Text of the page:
Lychee (also spelled litchi)! It is lychee season in Madagascar. What does that mean? Well, for the past week or so I get whiffs of sweet smelling lychees when I am sitting outside on deck 7 or 8. I thought I was going nuts until someone explained that the ship beside us was loading pallets upon pallets of lychees to be deliver to Europe or Dubai (unclear which, if either, was the correct destination). A few people from the ship were even fortunate enough to receive a tour of the lychee factory in town and got a HUGE basket to bring back to the ship.

Last night the group I was with in Texas went out for dinner for a birthday celebration. The restaurant was a bit outside of town and right on the beach. After enjoying a great dinner and catching up with may people I don't get to see all that often, I went out to look up at the starts, hoping I would have a good view being away from all of the lights. Oh, speaking of lights, the power went out in the restaurant! It was only for a few minutes, but it was just another reminder how much I love the peace that come with complete darkness. Anyway, I went to look at the stars, and although it was very dark, it was also very cloudy. However, I was determined to take in the peace of the moment so I found a space between the clouds and took focus. Well, that space continued to grow until there was a pretty decent space where you could clearly see a ton of stars. In that moment I just asked God to help me love everyone around me as much as he loves us. I know that is a big prayer, but if Joshua can ask the sun to stand still and be heard, it doesn't hurt to ask. As numerous as the stars in the sky, are people on this planet. How can He possibly love them all? That is not something my mind is equipped to understand, and the more I think about it the more confused I make myself. While I grapple with that I will just do my best to love the people around me, by seeing their value and appreciating all they do, who they are, and what they will become.

For those of you who have heard (or haven't) about the plague outbreak in Madagascar here is a statement released by Mercy Ships:

"On Nov 21 the WHO reported that an outbreak of Plague in Madagascar. The first case, a male from Soamahatamana village in the district of Tsiroanomandidy, was identified on 31 August. Since that time a total of 119 cases of plague have been confirmed, including 40 deaths. Cases have been reported in 16 districts of seven regions. Antananarivo, the capital and largest city in Madagascar, has also been affected with 2 recorded cases of plague, including 1 death. 
A national task force has been activated to manage the outbreak. With support from partners – including WHO, the Pasteur Institute of Madagascar, the “Commune urbaine d’Antananarivo” and the Red Cross – the government of Madagascar is putting in place strategies to control the outbreak.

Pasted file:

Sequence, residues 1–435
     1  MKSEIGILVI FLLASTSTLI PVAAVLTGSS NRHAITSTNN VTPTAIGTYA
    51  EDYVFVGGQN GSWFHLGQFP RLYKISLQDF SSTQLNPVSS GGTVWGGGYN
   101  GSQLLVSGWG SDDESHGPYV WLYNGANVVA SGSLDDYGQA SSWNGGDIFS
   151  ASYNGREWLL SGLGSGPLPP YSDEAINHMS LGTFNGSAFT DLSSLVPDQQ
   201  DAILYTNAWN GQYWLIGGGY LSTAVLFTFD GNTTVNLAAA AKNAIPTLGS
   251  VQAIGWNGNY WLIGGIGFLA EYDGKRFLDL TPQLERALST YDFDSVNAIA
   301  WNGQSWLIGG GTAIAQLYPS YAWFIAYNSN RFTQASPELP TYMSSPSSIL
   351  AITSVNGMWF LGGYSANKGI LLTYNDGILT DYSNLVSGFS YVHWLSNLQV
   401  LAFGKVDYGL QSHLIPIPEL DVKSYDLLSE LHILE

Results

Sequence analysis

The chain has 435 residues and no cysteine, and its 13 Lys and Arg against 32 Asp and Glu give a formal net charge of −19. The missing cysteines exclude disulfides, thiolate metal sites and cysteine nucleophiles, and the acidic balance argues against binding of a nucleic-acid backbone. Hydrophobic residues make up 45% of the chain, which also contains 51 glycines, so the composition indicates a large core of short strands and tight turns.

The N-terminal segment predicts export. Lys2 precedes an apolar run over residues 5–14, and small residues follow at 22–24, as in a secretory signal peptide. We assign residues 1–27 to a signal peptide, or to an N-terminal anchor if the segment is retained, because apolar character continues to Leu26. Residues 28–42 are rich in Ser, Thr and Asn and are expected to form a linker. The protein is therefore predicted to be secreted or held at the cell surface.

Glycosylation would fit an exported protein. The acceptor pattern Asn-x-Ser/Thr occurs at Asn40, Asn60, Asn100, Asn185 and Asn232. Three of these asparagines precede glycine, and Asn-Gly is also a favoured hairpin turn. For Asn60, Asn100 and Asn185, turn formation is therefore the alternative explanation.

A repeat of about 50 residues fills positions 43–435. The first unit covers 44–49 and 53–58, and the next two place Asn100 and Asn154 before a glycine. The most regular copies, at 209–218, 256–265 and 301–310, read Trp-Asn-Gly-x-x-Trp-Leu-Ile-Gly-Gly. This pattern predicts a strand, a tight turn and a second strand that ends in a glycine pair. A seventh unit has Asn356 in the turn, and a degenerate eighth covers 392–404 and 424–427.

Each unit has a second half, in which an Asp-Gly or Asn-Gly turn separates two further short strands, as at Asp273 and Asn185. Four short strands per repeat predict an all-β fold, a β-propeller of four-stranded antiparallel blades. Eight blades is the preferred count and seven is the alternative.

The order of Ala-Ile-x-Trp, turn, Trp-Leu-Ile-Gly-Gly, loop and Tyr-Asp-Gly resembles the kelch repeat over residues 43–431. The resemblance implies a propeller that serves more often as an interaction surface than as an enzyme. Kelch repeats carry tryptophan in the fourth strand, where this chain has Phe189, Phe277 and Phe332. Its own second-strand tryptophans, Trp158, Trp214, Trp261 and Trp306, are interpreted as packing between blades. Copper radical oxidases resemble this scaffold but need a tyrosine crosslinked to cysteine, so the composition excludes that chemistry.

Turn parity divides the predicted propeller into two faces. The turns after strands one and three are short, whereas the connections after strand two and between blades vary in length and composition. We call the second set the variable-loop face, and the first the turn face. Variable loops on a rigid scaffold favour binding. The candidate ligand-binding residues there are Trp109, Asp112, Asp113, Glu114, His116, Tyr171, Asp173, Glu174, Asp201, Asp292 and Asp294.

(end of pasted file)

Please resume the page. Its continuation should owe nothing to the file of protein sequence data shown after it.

This  outbreak report has received world-wide press attention.
Plague is a bacterial disease caused by Yersinia pestis, which primarily affects wild rodents. It is spread from one rodent to another by fleas. Humans bitten by an infected flea can develop the disease. Plague is endemic in many parts of the world including the Western United States. The United States has an average of 7-10 cases of plague a year.
Plague is easily treated with antibiotics, but can be highly lethal if left untreated. Plague may occur in three varieties.
Bubonic plague is the most common variety of the disease. It's named after the buboes (swollen lymph nodes)  which typically develop within a week after an infected flea bites.
Septicemic (blood infection) plague is a rarer form of the disease that can occur as the first symptom of plague, or may develop from untreated bubonic plague. This form results from bites of infected fleas or from handling an infected animal.
Pneumonic plague is the rarest form of the disease and may develop from inhaling infectious droplets or may develop from untreated bubonic or septicemic plague after the bacteria spread to the lungs. Pneumonic plague is the most serious form of the disease and is the only form of plague that can be spread from person to person. Only 2% of the cases of plague in this outbreak in Madagascar have been of the pneumonic variety.
Plague in the developing world is a disease of poverty (people living in close proximity to rats) and the diseases high death toll is the result of lack of access to healthcare.
Individuals can reduce their risk of exposure to plague by avoiding close contact with rodents or flea infested animals, by using insect repellent and not handling dead animals without proper protective equipment.
Mercy Ships current infection control and patient screening practices should prevent any cases of plague embarking on the Africa Mercy. The hospital is also equipped with appropriate medications to treat any cases of plague that might occur.
The current plague outbreak in Madagascar is not expected to have an adverse effect on Mercy Ships operations or place personnel at any increased risk.
Mercy Ships is carefully monitoring the situation and will make programmatic adjustments if necessary to protect staff and crew."
On that note, have a great week and thank you for reading!

Saturday, 15 November 2014

Lemurs and... tortoises?!